Obama administration blocks information request on assassination of US citizens

By Tom Carter
7 January 2013

On Wednesday, at the request of the Obama administration, US federal judge Colleen McMahon relied on expansive “national security” privileges to deny requests by the American Civil Liberties Union and the New York Times for government records related to the assassination of US citizens.

The US government’s “targeted killing” program, initiated under the Bush administration and expanded under the Obama administration, has so far resulted in the deaths of thousands of people far from any battlefield, including at least three US citizens. The victims, as well as a great many bystanders, have been murdered without being charged with any crime and without trial or judicial review of any kind.

The Obama administration’s ongoing targeted killing program is in violation of the core historic concept of the American legal system, which is contained in the Fifth Amendment of 1791: “No person shall. .. be deprived of life. .. without due process of law.”

The issue before the court was not even the legality of this program, but the ability of the American people simply to have access to the arguments from the Obama administration to justify it.

“I can find no way around the thicket of laws and precedents that effectively allow the Executive Branch of our Government to proclaim as perfectly lawful certain actions that seem on their face incompatible with our Constitution and laws, while keeping the reasons for its conclusion a secret,” wrote Judge McMahon, US District Judge for the Southern District of New York.

While ruling for the government, this statement is itself a damning indictment of the Obama administration. Judge McMahon, an appointee of former president Bill Clinton, acknowledged the “Catch 22” and “Alice-in-Wonderland nature” of her ruling in favor of the Obama administration, but she blamed the outcome on “contradictory constraints and rules” outside her control.

The decision does cite extensively from documents and material from the period of the American Revolution, all of which make clear that the framers of the Constitution intended to forbid extrajudicial assassinations. After having reviewed these authorities, Judge McMahon cites numerous public statements by Obama and several senior officials in his administration that clearly indicate that the US government, with the direct involvement of Obama himself, is planning and carrying out extrajudicial assassinations.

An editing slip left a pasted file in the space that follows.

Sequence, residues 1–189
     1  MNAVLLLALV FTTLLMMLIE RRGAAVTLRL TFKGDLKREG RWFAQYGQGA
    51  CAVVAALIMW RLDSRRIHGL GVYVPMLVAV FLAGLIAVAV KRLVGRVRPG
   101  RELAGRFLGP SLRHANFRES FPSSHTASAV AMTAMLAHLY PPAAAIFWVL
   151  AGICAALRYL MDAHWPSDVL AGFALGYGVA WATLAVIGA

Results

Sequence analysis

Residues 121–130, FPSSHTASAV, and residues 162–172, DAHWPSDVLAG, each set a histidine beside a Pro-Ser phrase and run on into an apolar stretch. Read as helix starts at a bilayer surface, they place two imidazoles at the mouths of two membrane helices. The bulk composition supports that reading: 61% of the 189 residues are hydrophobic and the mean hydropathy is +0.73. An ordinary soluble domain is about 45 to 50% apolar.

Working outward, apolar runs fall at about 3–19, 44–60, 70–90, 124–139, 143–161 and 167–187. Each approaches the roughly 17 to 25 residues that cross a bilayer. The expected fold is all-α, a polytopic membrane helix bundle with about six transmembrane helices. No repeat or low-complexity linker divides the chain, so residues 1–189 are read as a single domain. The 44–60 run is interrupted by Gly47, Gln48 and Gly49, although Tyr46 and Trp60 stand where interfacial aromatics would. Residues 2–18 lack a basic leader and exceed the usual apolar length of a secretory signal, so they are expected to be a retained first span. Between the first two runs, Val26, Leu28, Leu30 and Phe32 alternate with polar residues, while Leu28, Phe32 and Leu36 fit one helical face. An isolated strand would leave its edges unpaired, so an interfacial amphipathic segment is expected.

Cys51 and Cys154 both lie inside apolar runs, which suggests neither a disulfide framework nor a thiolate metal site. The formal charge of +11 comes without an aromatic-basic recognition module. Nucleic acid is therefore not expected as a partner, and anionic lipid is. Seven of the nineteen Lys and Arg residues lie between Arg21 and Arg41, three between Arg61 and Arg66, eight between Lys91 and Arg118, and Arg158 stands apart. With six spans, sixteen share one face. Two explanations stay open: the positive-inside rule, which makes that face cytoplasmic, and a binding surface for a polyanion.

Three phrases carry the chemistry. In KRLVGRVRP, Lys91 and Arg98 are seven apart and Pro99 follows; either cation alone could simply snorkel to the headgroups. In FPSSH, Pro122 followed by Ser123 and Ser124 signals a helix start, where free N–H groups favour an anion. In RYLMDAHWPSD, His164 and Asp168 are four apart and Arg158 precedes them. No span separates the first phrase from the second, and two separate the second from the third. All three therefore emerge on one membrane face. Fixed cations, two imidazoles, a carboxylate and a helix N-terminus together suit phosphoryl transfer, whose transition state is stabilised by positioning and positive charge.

The placement of the constitutional prohibition against extrajudicial killing next to the actions and statements of Obama makes a clear case for the impeachment, arrest and criminal indictment of the president and all of the top civilian, intelligence and military officials in his administration.

The case originated as separate and independent requests under the 1966 Freedom of Information Act (FOIA) by the ACLU and New York Times journalists for information related to targeted killings, particularly of US citizens, in the wake of the assassination of Muslim cleric and US citizen Anwar Al-Awlaki in September 2011. (See “The legal implications of the al-Awlaki assassination”.)

Citing “national security” exceptions to the Freedom of Information Act, government secrecy statutes, and expansive executive privileges, the Obama administration not only failed to disclose the requested documents, but refused even to number or list the documents that were being withheld, on the grounds that to acknowledge that any of the requested documents exist would compromise national security.